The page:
Contributed by Ron Baecker, an Emeritus Professor of Computer Science at the University of Toronto, co-author of The COVID-19 Solutions Guide and author of Computers and Society: Modern Perspectives (OUP, 2019).
My family is widely separated. I live in Canada. My brother-in-law, niece, nephew, and their families are in New Jersey and Pennsylvania; my cousins, their children, and their families are in Argentina, Spain, England, and on both coasts of the USA. Typically, I visit my niece and nephew once or twice a year; I manage a trip to Buenos Aires or Bilbao, Spain, about every 3 years. But not recently. I therefore Facetime with either my nephew or my niece almost every week. We also are about to have our fourth global family Zoom. This started out to celebrate individual birthdays, with great spirit and feeling of bringing the family closer together. The next event will celebrate 3 birthdays — ages 78, 41, and 9 — and a recent birth in the family in London. The 9-year-old birthday event will see us participating in a day-long scavenger hunt. What fun!
Nosedive was the first episode of the third season of the British science fiction television anthology Black Mirror. In this episode, everyone has a mobile phone which, when pointed at another person, reveals his or her name and rating. Everyone has a rating, which ranges from 0 to 5. The following happens continually as you are walking down a street or along the corridor of a building. You give a ‘thumbs up’ or ‘thumbs down’ to each person you pass, based on your instantaneous impression of that person and the nature of the encounter, no matter how trivial or quick the encounter is. A ‘thumps up’ raises that person’s rating a tiny bit; a ‘thumbs down’ lowers it. The other person concurrently rates you. Ratings determine one’s status in life, and the ability to get perks such as housing and travel. Therefore, people are on a never-ending, stressful, and soul-destroying quest to raise their online ratings for real-life rewards. Heroine Lacie desires a better apartment; she has a meltdown as she deals with unsurmountable pressure in the context of her childhood best friend’s wedding.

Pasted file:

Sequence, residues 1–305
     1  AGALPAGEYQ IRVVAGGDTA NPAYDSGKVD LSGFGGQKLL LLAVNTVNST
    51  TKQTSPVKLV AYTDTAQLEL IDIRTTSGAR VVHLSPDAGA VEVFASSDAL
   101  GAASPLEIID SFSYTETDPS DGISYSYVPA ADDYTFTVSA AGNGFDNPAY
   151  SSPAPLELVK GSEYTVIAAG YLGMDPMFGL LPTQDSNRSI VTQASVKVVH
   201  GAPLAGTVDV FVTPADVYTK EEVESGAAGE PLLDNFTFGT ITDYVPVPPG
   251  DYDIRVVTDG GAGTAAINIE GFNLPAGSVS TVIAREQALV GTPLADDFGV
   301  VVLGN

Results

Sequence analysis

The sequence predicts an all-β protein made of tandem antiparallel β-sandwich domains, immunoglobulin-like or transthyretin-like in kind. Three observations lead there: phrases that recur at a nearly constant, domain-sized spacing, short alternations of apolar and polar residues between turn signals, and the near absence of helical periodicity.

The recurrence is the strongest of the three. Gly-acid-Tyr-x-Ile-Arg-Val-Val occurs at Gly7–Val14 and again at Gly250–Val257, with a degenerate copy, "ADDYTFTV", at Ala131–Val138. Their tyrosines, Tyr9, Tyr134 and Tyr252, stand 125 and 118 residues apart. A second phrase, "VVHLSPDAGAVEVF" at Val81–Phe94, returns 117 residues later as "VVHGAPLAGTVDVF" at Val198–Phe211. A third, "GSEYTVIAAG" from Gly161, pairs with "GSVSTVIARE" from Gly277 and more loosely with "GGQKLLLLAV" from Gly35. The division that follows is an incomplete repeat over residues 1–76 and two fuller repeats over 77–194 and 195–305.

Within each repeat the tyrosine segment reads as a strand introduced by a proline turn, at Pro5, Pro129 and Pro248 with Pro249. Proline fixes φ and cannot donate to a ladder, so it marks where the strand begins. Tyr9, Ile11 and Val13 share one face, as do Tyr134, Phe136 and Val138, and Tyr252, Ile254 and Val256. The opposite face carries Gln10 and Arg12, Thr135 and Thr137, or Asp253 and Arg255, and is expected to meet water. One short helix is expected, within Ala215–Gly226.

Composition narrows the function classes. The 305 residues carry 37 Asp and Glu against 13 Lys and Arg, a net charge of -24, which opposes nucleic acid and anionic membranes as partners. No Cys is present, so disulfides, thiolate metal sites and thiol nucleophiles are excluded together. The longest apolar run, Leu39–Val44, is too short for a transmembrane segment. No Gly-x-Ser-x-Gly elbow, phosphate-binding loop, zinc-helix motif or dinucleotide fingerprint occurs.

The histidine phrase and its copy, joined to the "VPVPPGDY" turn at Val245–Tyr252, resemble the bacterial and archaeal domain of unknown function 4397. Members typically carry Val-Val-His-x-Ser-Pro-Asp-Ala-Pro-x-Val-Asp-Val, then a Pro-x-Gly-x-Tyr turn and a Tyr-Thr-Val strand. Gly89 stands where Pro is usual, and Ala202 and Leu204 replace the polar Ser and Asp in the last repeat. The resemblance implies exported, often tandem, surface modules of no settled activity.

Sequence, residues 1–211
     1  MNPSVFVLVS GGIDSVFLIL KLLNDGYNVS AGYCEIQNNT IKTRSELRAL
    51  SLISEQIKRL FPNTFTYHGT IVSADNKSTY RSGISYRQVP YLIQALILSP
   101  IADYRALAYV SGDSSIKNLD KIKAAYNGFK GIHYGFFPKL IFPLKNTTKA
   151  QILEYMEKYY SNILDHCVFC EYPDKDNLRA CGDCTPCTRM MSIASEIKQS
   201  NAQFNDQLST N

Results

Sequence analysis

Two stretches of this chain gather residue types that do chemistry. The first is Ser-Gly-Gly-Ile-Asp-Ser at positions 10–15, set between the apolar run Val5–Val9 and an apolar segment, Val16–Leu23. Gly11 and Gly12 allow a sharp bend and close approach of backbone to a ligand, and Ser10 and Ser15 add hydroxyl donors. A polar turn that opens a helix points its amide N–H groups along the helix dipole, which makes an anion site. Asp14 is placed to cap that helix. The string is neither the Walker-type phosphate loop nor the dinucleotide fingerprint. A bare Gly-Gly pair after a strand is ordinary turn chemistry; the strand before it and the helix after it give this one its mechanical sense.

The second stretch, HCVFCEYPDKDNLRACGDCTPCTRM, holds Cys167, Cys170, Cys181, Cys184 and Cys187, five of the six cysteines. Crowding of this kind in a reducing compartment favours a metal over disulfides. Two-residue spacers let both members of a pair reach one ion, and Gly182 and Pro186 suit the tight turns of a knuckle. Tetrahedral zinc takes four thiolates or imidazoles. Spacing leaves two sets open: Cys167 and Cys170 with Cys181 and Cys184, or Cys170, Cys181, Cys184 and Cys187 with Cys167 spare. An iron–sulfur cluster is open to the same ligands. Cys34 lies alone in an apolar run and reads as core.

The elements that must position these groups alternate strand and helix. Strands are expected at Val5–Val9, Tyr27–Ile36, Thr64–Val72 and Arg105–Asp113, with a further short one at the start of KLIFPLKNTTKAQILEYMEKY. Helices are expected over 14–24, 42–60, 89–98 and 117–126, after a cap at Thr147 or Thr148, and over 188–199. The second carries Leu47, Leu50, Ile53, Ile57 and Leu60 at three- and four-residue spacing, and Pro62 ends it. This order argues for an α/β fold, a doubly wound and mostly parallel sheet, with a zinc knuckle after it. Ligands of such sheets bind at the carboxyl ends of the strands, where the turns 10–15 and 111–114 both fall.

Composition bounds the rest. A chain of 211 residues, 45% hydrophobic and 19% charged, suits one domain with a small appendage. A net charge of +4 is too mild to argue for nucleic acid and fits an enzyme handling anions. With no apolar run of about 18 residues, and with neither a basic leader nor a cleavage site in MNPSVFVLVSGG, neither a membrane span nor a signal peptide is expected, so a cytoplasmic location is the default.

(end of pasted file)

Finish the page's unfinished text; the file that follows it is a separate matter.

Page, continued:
My cell phone is malfunctioning in many ways. Top four problems: it no longer recognizes my fingerprint; I seem to have misplaced my AppleID, which together with the fingerprint recognition problem, makes it impossible to do many things; it does not sync properly with my laptop; and I have to retype my password many more times a day then is sensible.
So today I tried calling the main downtown Apple store, in the Toronto Eaton Centre, to make an appointment with a “genius”. In the past, I have reached someone there, or perhaps in Toronto, or at least in Canada, who had some idea of the geography. Today I first had to fill out a form on my cell phone, which wanted me to choose one its options with a canned support answer on the site.
Approximately two months ago, I had brunch with a friend and colleague — Fred, not his real name — who I had known for over 40 years. I had not seen him in six months. Over the space of an hour, he received at least six calls on his cell phone from family members. Based on what I could hear of his responses, no interruption dealt with an urgent matter.
Several times a year, I have dinner with dear friends of over 30 years, a vigorous professional couple in their 70s with accomplishments in the arts, the sciences, and public service. Ann — also not her real name — is constantly using her phone to google for facts that will contribute to the conversation. Her fact-checking is typically interesting, but is there a cost?